I’ve spent all year immersed in health care policy. It is unfortunate to see some of my arguments criticized based on a complete lack of understanding of the subject matter. Nate Silver attacked my suggestion of removing the individual mandate because he claimed it would increase the CBO score:

Why? Because such a bill, with good reason, will be scored terribly by the CBO. You would definitely have very high premiums and would probably have a bill that was no longer deficit-neutral (the government is on the hook for some of those higher premiums to the extent that it’s paying subsidies). Is Ben Nelson going to vote for a bill with a $1.1 trillion price tag that raises premiums by 30 percent?

This is just wrong (I disagree with Gruber’s exact numbers, but not the general trend). The individual mandate is only a way to force the young and healthy to buy insurance, and make them subsidize older Americans. (Since the young people will also be subsidized by the government, it is, in fact, a way for the government to indirectly subsidize health insurance for older Americans twice.) This is how it helps keep average premiums down on the exchange. But the individual mandate does not reduce overall health care spending, use of health care services, or cost to the government. Removing the individual mandate would have the net effect of reducing the CBO score not increasing it.

The individual mandate would also not change the amount the vast majority of Americans will personally pay for their health insurance on the individual market because of how the tax credits are structured. It does not get us, as a country, to real universal health insurance. If the goal is to get as many people “into the system” as possible, policy people should be pushing as hard for a real employer mandate as they are for the individual mandate (something I have not seen). Because it will be illegal for undocumented immigrants to buy insurance on the new exchange, their only real hope of getting insurance is through their employer. The CBO says the Senate bill will reduce the number of low income people getting employer-provided insurance in this country by 5 million. The House bill, with a real employer mandate, increases number of people with employer-provided insurance by 6 million.

Finally, Sliver’s health care continuum shows a lack of detailed understanding of the subject. He ranks the Wyden-Bennett bill on par with single payer. This is simply a conclusion I don’t think can be reached looking at the facts available. (It is arguable that the Dutch or German health care system might be on par with single payer, but Wyden-Bennett lacks many of the critical cost control mechanisms found in those systems.)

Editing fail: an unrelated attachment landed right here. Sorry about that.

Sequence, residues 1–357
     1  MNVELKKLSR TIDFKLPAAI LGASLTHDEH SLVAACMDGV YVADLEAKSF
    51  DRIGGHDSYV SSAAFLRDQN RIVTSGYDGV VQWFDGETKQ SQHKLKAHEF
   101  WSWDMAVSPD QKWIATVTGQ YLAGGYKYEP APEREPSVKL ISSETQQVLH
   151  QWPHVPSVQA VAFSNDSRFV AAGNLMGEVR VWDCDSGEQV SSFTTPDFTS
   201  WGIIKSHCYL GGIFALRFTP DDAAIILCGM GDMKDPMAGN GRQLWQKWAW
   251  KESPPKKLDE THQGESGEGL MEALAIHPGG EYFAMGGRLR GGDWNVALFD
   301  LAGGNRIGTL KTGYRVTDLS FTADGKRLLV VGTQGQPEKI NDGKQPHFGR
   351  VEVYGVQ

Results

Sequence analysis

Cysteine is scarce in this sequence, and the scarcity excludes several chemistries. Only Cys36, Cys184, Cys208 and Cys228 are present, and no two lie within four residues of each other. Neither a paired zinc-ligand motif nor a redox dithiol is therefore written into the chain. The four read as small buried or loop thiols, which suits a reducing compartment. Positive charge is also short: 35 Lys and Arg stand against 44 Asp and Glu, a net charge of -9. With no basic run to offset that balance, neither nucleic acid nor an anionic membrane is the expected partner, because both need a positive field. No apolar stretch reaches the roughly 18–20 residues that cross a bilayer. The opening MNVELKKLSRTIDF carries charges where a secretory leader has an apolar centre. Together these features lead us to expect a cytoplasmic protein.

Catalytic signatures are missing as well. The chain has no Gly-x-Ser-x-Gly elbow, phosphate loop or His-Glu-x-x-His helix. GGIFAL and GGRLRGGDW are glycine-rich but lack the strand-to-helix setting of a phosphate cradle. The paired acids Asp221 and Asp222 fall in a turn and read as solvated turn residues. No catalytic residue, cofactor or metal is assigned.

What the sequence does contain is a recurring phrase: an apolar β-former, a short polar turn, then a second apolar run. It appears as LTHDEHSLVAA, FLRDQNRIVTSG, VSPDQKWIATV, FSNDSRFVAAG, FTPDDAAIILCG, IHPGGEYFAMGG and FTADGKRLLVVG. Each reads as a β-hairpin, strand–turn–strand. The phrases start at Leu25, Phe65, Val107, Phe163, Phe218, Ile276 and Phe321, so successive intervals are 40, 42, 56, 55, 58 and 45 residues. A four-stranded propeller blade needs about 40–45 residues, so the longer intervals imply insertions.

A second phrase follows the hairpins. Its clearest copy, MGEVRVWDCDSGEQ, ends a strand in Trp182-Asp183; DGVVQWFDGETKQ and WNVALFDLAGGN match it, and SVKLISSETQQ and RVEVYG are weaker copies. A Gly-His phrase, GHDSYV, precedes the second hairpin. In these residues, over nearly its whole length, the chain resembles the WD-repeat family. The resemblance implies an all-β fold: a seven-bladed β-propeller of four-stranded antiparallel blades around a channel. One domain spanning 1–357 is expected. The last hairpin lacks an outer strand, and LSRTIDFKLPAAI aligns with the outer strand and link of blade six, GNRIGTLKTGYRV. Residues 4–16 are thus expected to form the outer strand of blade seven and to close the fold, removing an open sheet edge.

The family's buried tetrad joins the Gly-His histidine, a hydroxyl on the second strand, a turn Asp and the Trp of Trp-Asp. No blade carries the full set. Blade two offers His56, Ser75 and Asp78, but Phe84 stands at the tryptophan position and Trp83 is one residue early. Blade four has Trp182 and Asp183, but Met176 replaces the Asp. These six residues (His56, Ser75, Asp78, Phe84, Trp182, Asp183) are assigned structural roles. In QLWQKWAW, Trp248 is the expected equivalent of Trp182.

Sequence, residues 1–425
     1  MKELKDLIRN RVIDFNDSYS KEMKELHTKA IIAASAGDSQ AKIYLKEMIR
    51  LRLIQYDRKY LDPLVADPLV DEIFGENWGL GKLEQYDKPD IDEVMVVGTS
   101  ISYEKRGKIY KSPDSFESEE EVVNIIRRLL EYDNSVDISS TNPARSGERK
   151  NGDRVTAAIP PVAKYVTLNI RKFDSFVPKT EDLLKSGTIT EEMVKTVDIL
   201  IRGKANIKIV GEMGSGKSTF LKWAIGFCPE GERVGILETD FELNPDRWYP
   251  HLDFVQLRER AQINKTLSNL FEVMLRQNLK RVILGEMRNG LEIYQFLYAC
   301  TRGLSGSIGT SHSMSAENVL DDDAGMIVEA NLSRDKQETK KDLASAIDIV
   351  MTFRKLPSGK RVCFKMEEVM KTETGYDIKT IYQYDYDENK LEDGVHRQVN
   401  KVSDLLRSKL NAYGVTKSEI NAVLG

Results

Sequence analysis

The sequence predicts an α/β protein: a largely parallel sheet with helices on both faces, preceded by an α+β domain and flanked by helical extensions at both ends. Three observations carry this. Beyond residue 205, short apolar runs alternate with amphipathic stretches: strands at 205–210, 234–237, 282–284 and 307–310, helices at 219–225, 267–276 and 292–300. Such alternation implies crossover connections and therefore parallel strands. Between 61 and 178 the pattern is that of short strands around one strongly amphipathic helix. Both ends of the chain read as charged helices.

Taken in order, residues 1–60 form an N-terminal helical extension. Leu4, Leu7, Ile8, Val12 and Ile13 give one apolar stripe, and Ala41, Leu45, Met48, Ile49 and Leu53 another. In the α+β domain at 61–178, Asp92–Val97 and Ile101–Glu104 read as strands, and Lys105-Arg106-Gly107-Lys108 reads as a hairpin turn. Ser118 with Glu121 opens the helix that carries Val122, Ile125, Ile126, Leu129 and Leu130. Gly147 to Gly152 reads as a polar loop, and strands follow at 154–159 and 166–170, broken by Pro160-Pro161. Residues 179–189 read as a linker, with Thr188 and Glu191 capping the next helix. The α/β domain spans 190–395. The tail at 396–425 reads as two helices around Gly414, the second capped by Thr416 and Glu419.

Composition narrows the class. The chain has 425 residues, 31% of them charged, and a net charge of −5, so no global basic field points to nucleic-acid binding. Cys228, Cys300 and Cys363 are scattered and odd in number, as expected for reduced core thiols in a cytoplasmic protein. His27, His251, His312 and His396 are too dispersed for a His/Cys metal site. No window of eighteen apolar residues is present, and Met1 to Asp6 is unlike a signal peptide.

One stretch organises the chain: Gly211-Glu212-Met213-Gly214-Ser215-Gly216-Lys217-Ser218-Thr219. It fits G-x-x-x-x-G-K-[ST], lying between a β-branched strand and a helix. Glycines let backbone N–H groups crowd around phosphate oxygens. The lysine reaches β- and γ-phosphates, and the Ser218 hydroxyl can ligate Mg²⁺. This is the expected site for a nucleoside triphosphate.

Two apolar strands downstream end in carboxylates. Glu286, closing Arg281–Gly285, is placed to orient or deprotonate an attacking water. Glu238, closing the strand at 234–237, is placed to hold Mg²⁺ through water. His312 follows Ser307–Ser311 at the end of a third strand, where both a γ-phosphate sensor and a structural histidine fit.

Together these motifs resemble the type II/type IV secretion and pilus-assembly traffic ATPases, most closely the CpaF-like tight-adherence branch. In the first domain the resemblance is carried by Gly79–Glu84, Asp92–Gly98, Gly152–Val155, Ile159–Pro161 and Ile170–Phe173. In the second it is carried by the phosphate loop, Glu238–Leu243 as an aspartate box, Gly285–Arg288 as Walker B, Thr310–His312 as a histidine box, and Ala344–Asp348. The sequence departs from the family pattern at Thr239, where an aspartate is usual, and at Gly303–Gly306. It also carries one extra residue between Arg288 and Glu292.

Ignoring that most of Wyden-Bennett supposed “savings” come from failing to properly index the subsidies, its basic goal is to put every American on the FEHB exchange of private insurance plans. The problem is that the FEHB and private insurance companies are a proven failure at reducing cost. Health care costs on the FEHB have grown at the same rate as the rest of the market. On the other hand, it cost roughly 25% less to insure someone with Medicare than with private insurance. Wyden-Bennett might result in a minor reduction in health care spending. Medicare-for-all would cut our health care spending by roughly 20%, and do a better job of slowing our health care growth rates. There is no comparison.

If Silver thinks Wyden-Bennett is as good as single payer, it is no wonder he tries to diminish the importance of the public option. I think a public option is critical because all the data indicates public insurance has done a dramatically better job at controlling health care costs than private insurance. I think his continuum is all wrong. The reform bill with a truly robust public option (Medicare buy in) would rank dramatically above Wyden-Bennett. A Medicare buy-in that would be around 11-25% cheaper than private insurance companies. It would have a much better chance of reducing health care spending than any system of private insurances exchanges that lack a central provider reimbursement negotiator.

I also understand people think any expansion of coverage is a step forward, but it is only a step forward if it proves popular. If this health care expansion proves too expensive and unpopular, it can serve to discredit progressive efforts to later reform. I would happily work for a smaller house with a truly strong foundation. I don’t think a bill that enriches, empowers, and entrenches the enemies of reform is a good foundation.